March 15, 2010
From: Leanne and David Atkinson
Concerning message #23267:
Here are some photos of a species of Armina eating Sea Pens [see messages #23326, #23327]. I have included some more of this species in a second message [#23329]. We find these ones quite regularly of a day time over the past 12 months at The Pipeline. Sometimes they are actively feeding as in the pictures and sometimes they are partly buried often near the skeleton of a Sea Pen. Could you please identify them for us? We found them on p117 in Neville Coleman's Nudibranchs Encyclopaedia as Armina magna described by Baba in 1955. Then the next photo still says Armina magna but " Appears undescribed" . There seems to be a small publication error. When we tried to check it on the forum you don't seem to have this one listed. Is there an Armina magna described by Baba and is this it?
Locality: The Pipeline, Nelson Bay, Port Stephens, 8 metres, New South Wales, Australia, Pacific Ocean, 21 January 2010, Sandy silty bottom with sea pens, sponges, ascidians, gorgonias, soft corals, hydroids and seaweed. Length: approximately 120 mm. Photographer: Leanne and David Atkinson.
Hope these are of interest.
Leanne & David Atkinson
firstname.lastname@example.orgAtkinson, L. & D., 2010 (Mar 15) Armina magna? from Port Stephens, N.S.W. . [Message in] Sea Slug Forum. Australian Museum, Sydney. Available from http://www.seaslugforum.net/find/23328
Dear Leanne and David,
Thanks for another interesting contribution . All that is left of the Sea Pen is the colony's horny internal rod-like skeleton.
Concerning its identity. There are many species of Armina from the Indo-West Pacific which need revising. Many are black with ligher coloured ridges and orange or yellow borders. Baba did describe a similarly coloured species as Armina magna but as there are many similarly coloured species I think it is confusing to positively identify one of them as A. magna until we have anatomical information on all, or at least many. of these different species. In fact in the same 1955 publication, Baba describes another new species Armina papillata which could well be the species you reported from Port Stephens some time ago and I am calling Armina sp. 9 [see message #13514]. I think I will take the cautious approach and name your animal Armina sp. 10. It's not as satisfying as ticking off another name on the list but may prove to be less confusing.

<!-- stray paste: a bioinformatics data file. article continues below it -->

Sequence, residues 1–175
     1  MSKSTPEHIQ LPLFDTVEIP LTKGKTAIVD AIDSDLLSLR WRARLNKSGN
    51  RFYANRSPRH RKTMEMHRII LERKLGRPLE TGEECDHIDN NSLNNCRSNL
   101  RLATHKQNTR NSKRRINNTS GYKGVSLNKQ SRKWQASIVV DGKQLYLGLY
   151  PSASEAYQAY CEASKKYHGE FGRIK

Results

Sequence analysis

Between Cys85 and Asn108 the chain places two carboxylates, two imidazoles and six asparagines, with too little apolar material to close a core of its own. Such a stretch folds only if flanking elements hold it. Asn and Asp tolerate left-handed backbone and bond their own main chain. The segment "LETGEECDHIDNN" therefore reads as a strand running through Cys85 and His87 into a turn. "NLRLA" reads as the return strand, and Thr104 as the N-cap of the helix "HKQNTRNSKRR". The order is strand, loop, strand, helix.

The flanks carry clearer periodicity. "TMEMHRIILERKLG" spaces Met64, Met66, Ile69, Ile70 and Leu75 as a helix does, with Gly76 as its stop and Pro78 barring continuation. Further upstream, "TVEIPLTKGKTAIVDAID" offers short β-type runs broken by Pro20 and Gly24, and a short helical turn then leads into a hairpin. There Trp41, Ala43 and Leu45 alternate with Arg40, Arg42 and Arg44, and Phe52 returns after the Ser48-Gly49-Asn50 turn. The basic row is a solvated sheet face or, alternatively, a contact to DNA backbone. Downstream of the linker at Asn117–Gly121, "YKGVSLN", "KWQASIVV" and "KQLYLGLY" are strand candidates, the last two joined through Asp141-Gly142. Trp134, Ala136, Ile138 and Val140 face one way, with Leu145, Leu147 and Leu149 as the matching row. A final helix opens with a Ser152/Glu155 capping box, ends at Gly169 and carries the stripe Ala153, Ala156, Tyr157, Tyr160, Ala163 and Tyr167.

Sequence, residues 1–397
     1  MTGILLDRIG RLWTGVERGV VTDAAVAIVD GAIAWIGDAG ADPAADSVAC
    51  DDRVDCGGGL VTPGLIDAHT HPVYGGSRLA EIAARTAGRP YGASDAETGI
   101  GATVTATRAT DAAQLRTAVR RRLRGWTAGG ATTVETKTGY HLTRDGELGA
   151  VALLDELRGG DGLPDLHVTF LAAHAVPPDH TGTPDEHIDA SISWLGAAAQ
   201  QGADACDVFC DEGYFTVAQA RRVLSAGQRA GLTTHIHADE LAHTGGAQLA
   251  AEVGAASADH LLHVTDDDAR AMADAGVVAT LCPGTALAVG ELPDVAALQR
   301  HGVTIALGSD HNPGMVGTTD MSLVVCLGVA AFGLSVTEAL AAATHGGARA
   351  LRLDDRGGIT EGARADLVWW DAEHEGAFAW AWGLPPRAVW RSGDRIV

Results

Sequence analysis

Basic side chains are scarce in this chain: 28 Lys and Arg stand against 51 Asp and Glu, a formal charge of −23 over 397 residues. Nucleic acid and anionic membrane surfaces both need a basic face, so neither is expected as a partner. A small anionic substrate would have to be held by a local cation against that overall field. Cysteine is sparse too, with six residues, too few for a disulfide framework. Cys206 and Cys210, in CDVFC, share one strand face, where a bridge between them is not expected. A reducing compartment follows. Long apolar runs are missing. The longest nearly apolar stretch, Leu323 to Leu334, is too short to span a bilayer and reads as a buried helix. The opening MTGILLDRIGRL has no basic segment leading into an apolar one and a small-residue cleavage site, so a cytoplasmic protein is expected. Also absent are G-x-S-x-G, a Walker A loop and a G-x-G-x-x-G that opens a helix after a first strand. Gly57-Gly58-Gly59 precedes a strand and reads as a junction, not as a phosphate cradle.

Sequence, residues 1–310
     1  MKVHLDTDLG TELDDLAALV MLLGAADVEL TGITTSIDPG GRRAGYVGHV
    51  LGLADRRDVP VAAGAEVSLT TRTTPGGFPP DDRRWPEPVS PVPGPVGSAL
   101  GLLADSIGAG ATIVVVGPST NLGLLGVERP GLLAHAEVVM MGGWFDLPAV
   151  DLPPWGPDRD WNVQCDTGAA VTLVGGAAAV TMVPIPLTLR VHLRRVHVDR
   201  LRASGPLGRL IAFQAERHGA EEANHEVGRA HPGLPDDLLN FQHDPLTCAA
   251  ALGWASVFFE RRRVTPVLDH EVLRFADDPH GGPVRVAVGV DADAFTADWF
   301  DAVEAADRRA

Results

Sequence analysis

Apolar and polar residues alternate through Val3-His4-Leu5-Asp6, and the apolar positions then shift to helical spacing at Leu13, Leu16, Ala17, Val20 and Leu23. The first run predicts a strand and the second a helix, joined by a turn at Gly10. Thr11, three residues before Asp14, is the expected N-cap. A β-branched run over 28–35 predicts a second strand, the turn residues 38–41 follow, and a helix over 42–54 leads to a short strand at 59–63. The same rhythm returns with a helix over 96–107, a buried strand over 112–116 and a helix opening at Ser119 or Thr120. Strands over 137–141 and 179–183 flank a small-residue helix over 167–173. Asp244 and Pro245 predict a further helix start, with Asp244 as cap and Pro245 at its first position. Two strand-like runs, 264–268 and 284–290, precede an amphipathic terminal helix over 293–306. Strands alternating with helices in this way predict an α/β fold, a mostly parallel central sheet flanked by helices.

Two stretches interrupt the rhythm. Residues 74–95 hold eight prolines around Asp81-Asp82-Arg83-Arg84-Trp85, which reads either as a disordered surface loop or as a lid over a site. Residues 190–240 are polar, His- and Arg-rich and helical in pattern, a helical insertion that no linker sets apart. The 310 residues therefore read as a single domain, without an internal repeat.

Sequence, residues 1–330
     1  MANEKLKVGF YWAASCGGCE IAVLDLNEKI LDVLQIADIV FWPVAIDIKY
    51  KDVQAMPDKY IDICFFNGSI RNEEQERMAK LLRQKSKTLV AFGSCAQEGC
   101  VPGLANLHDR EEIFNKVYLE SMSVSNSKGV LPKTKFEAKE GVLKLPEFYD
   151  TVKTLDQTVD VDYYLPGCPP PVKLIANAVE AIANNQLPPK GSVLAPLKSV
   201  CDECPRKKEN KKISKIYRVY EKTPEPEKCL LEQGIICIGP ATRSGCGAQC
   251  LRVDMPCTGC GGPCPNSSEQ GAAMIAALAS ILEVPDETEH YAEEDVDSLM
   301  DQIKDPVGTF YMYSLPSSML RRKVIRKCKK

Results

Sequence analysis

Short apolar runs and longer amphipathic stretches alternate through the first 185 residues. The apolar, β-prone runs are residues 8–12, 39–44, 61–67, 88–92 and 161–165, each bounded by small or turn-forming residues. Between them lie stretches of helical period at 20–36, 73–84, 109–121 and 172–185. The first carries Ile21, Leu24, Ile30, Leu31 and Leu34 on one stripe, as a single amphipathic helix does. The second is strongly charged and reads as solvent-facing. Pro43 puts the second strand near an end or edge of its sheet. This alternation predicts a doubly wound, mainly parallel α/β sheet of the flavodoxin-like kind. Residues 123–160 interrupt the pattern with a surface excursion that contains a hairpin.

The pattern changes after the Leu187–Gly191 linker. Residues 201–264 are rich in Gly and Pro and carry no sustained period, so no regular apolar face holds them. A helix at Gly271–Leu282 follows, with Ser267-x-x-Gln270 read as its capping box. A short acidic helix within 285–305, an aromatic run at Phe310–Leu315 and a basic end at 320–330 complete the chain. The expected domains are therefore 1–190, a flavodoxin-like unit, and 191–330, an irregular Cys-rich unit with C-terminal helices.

Which leads me to another Port Stephens species which you have found which I have tentatively identified as Armina cygnea. You reported on its interesting egg laying behaviour [message #2] and Janalie Besoff on it feeding on a soft coral [message #4]. I think this is a different species again - note the white lines on the oral veil, but only further studies will show just what the situation is. Since it is feeding on a soft coral it would be nice to get photo of its underside to see whether it is a species of Armina or an oversized Dermatobranchus.
I can't finish this message without drawing attention to the message numbers on the Armina cygnea messages. They refer to the 2nd and 4th messages ever posted on the Forum 12 years ago. We are now up to 23,000! Thanks for your support and contributions over this period.
- BABA, K. 1955. Opisthobranchia of Sagami Bay Supplement, 59 pp., 20 pls. Iwanami Shoten, Tokyo.